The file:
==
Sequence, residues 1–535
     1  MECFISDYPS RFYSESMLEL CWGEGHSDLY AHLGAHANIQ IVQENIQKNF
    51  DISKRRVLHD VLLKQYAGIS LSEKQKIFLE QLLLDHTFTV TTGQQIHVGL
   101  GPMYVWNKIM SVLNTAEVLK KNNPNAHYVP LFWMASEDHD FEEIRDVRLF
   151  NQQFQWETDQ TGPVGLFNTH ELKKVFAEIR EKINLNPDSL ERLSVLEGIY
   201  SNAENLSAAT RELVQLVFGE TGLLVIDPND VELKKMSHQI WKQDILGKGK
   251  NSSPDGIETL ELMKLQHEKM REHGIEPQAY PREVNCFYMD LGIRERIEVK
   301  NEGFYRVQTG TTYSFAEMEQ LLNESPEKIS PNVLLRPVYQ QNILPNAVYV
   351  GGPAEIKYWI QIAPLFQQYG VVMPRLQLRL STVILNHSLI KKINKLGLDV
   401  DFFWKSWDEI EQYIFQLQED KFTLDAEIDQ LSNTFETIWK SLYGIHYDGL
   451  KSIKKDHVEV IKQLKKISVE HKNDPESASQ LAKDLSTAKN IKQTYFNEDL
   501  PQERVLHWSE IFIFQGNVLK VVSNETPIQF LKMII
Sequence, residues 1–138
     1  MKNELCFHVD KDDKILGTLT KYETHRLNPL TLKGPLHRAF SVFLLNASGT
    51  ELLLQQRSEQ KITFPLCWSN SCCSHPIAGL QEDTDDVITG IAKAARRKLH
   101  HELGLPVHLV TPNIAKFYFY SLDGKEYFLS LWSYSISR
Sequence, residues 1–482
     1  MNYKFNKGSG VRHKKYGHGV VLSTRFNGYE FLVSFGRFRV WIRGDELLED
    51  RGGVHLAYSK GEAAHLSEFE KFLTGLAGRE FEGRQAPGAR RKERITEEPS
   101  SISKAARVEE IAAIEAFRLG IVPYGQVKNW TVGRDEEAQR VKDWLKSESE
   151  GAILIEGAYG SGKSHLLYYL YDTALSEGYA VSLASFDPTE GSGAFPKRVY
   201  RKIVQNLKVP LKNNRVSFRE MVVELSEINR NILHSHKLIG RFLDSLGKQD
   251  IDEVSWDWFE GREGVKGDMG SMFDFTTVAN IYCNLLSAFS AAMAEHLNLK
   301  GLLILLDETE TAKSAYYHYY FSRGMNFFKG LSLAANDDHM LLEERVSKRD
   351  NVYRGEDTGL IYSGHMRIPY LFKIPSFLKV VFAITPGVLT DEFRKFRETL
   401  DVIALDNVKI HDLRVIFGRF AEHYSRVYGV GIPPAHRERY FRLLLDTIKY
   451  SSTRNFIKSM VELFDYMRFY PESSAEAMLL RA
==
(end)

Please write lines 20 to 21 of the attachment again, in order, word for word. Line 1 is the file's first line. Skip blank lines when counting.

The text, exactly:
   101  SISKAARVEE IAAIEAFRLG IVPYGQVKNW TVGRDEEAQR VKDWLKSESE
   151  GAILIEGAYG SGKSHLLYYL YDTALSEGYA VSLASFDPTE GSGAFPKRVY